The faculty of the Division of General Internal Medicine has extensive clinical, educational, investigative, and leadership responsibilities within the Department of Internal Medicine and across the Health Sciences campus. The division includes close to 70 full-time faculty members with expertise in primary care, hospital medicine, palliative care, and medical ethics and humanities. Faculty members are clinically based at University Hospital and affiliated clinics, George E. Wahlen Department of Veterans Affairs Medical Center, and Intermountain Medical Center.
The Division of General Internal Medicine provides the following services:
- Primary care ambulatory medicine for adults from our outpatient clinicians
- Acute hospital care of adults from our hospitalist service
- Resident and student training
- Faculty development and education
- Quality improvement, patient safety, and best practices
- Palliative Care Service
- Women's health
- Thrombosis Service
- Medical Ethics and Humanities
Advances in Patient Care
What advances in patient care, historic or current, come from the Division of General Internal Medicine that directly impacts patient care today?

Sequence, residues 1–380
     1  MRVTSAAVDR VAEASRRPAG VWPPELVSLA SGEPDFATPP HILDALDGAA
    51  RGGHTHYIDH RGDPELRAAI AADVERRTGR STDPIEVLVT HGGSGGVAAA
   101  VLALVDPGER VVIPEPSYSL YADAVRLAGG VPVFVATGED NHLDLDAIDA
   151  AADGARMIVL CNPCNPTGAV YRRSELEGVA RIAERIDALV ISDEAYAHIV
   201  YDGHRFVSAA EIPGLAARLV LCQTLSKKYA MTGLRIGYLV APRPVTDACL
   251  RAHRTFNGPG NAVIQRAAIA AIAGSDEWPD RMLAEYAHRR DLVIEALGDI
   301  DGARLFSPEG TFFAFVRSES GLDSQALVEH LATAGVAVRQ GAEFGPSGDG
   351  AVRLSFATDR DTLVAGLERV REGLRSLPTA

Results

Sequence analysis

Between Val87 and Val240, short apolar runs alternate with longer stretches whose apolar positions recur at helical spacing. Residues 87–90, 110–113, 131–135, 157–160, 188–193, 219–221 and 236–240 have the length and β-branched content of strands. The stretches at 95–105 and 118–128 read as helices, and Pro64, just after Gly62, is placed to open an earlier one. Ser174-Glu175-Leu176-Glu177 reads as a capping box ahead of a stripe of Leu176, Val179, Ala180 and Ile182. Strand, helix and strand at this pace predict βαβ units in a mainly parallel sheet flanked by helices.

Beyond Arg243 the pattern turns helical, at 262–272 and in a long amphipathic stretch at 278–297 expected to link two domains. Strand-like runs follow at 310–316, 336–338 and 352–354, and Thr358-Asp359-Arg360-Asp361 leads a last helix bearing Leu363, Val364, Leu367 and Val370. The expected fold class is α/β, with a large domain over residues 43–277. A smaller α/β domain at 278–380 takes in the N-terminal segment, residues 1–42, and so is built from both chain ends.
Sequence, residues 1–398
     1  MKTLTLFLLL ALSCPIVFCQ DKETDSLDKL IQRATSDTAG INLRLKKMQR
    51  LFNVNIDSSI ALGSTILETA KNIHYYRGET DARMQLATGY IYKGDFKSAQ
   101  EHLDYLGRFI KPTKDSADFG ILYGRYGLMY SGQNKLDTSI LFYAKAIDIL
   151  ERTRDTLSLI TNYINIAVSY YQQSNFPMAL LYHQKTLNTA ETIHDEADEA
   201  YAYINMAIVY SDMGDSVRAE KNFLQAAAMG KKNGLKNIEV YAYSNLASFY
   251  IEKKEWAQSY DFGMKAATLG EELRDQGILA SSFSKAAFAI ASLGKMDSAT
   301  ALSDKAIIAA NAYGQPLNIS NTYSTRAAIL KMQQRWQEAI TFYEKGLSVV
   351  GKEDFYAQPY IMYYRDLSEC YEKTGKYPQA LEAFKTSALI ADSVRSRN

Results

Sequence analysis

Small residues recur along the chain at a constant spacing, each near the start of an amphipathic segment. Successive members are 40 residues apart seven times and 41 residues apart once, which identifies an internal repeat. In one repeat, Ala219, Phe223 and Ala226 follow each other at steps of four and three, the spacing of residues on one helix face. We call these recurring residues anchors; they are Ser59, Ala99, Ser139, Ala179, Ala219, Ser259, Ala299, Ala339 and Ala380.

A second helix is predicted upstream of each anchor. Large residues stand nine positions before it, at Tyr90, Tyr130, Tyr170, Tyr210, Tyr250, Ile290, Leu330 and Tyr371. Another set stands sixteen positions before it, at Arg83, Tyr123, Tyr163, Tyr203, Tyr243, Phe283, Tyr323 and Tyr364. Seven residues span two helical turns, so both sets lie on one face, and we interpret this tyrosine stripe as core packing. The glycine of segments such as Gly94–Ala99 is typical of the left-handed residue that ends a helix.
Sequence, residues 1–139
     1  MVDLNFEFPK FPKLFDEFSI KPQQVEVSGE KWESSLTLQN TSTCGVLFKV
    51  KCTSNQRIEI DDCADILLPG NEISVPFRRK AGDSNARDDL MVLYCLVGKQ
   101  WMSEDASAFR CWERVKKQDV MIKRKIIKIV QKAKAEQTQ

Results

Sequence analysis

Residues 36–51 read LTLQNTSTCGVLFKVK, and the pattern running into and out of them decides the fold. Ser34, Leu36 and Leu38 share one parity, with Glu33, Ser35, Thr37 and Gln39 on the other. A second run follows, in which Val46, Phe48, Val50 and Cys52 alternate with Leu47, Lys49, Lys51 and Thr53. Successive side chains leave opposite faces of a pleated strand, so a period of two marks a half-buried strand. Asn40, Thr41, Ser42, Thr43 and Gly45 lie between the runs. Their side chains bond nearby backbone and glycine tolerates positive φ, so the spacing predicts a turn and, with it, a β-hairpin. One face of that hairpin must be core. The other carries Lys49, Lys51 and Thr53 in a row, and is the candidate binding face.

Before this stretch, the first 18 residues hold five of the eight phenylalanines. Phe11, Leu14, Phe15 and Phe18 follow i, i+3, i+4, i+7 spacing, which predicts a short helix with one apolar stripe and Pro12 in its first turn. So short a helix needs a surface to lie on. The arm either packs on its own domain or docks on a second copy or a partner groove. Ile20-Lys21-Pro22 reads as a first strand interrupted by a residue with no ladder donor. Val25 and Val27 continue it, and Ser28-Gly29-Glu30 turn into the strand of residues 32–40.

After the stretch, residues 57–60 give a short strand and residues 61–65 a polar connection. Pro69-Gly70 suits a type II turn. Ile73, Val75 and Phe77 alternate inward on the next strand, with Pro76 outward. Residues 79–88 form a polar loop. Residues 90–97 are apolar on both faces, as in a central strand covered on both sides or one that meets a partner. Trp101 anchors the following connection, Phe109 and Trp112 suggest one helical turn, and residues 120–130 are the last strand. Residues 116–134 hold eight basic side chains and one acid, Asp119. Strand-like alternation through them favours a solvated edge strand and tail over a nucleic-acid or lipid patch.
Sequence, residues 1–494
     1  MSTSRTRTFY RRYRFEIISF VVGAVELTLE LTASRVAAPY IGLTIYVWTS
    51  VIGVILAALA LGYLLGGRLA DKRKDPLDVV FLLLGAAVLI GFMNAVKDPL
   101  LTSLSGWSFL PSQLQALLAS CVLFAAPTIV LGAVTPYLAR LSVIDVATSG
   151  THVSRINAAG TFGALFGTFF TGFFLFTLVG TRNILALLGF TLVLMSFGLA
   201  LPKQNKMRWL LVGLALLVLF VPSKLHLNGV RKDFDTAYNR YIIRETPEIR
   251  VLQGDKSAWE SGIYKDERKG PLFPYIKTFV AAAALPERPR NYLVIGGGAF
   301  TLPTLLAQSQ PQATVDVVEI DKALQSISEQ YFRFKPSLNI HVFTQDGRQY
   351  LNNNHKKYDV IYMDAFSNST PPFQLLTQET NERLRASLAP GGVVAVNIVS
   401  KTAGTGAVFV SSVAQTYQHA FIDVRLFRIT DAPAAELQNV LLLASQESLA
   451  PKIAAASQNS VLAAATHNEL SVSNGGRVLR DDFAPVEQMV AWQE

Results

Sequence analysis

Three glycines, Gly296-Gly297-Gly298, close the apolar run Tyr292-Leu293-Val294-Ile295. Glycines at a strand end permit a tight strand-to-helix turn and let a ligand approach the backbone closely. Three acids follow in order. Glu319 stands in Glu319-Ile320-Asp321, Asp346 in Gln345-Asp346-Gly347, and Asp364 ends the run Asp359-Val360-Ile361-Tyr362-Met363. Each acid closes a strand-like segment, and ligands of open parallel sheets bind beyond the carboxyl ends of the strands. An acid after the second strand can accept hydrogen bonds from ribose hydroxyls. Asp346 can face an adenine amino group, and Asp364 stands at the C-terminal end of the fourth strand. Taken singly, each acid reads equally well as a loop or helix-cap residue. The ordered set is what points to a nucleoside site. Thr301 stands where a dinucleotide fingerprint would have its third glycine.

- The Division of General Internal Medicine has made a significant contribution to the accurate measurement of blood pressure (BP) through clinical implementation and clinical research on automated office blood pressure (AOBP). Accurate BP measurement is key to appropriate treatment and more important than ever with the newest BP guidelines. Our protocols have been used across U of U Health system and we have also collaborated with Utah Department of Health.
- Sepsis project which used Modified Early Warning System triggers to identify patients at high risk of clinical deterioration. Treatment was implemented using standardized protocols with earlier administration of antibiotics and decreased cost and length of stay.
- Inpatient Hospice (GIP) Program: Created a partnership between the organization and a community hospice partner in order to improve the care of patients dying in the hospital.